Tuesday, October 05, 2004
Writing a Piano Concerto
An excerpt from the first movement of my Piano Concerto No. 1.
I've been writing a piano concerto. And I've reached that stage with it where my mind is stimulated by all the different ways of presenting, manipulating and orchestrating raw ideas. Which is the true appeal of composing. Hearing a final work performed is a thrill. But performances are too rare to be the singular driving force to keep writing. Composing is a solitary dialogue. And stylistically, with my compositions, this dialogue orbits around harmonic conceptions.
I've been thinking about writing a piano concerto for some time. There are many great concertos to draw inspiration from. I’ve been drawn to the Arnold Schoenberg Piano Concerto Op. 42 (1942) lately. I’ve also spent some time marveling at the Piano Concerto No. 2 (1978) by Teizo Matsumura. Normally I reserve my composition energies for smaller chamber ensembles and the odd electronic work. The concerto for piano and orchestra is a relatively old medium. The sheer scale of the instrumentation seems daunting and the excellent literature for it is intimidating. There’s a sense of “seriousness” attached to it. A pervasive feeling that a “serious” composer’s body of works should include at least one piano concerto and perhaps a number of other concertos featuring other instruments as well.
There's no shortage of obituaries proclaiming the death of the orchestra both as a performing institution and viable medium for 21st century composition. I have no connections with any active orchestras or conductors and don't really know if or when I might hear this particular work performed. But I can't stop thinking about writing this piece. The ideas seem compelling. The prospect of never being published and/or read isn't enough to stop the novelist driven by the force of creative necessity. If anything, such independence frees me from the political constraints of having to second-guess the peculiarities of a real-world institution’s aesthetic prejudices and the political games associated with striving to conform to a particular “movement” or “-ism.” I’m free to explore my own ideas and draw completely from internal sensibilities. It becomes an act of faith that an honest effort might one day be presented for external ears, minds and hearts.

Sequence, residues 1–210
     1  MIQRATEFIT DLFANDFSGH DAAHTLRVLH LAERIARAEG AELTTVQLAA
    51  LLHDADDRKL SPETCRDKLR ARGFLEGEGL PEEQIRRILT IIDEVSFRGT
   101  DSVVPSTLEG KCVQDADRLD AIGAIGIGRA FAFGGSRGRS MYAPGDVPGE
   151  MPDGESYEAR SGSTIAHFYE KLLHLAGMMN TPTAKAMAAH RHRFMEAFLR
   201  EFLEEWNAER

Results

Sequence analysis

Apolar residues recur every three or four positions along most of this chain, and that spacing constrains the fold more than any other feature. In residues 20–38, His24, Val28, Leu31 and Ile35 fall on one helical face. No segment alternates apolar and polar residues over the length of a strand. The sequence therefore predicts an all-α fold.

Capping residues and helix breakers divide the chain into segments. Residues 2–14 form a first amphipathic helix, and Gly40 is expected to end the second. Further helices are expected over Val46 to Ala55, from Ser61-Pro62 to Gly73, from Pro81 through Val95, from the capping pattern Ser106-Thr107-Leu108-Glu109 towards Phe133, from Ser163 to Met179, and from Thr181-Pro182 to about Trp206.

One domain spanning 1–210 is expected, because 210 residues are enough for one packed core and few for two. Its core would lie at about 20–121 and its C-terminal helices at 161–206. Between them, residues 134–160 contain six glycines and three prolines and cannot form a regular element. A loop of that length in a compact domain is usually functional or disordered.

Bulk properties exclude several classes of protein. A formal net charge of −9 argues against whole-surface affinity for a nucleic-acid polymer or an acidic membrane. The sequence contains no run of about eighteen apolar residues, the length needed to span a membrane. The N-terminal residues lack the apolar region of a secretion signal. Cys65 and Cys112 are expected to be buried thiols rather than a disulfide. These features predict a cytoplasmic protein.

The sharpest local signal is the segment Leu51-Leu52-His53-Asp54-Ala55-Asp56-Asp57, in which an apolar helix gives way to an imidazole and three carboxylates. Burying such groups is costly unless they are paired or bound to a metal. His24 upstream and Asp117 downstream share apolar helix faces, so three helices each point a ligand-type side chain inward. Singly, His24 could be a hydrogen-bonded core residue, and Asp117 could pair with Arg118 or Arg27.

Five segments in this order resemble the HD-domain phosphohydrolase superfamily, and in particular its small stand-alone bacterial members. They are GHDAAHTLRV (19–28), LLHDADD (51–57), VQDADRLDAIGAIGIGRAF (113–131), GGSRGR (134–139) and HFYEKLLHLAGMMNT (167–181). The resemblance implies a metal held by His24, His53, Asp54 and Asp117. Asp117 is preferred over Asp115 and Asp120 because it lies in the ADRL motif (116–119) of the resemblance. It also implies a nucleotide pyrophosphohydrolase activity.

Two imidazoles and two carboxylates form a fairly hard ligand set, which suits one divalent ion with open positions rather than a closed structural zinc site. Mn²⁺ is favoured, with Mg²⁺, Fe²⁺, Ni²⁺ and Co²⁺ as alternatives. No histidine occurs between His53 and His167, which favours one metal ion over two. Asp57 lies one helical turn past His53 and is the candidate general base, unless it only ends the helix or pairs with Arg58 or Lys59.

I currently have a near-complete set of pre-composition notes outlining the full form of the piece as well as formal descriptions of how each instrument is to be tuned in preparation for this particular work. The first movement is in a final state (I. Prelude). The second movement is on its third draft as work out the specifics of orchestrating a particularly thick texture. As I get closer to having a complete work I’ll have to start digging around for possible places to submit the full work for consideration (I’m toying with the idea of sending a score to the conductor Michael Tilson Thomas, who I admire a great deal). Self-promotion is a tricky business. For now, just working at something that feels so close to my personal sensibilities feels like its own reward.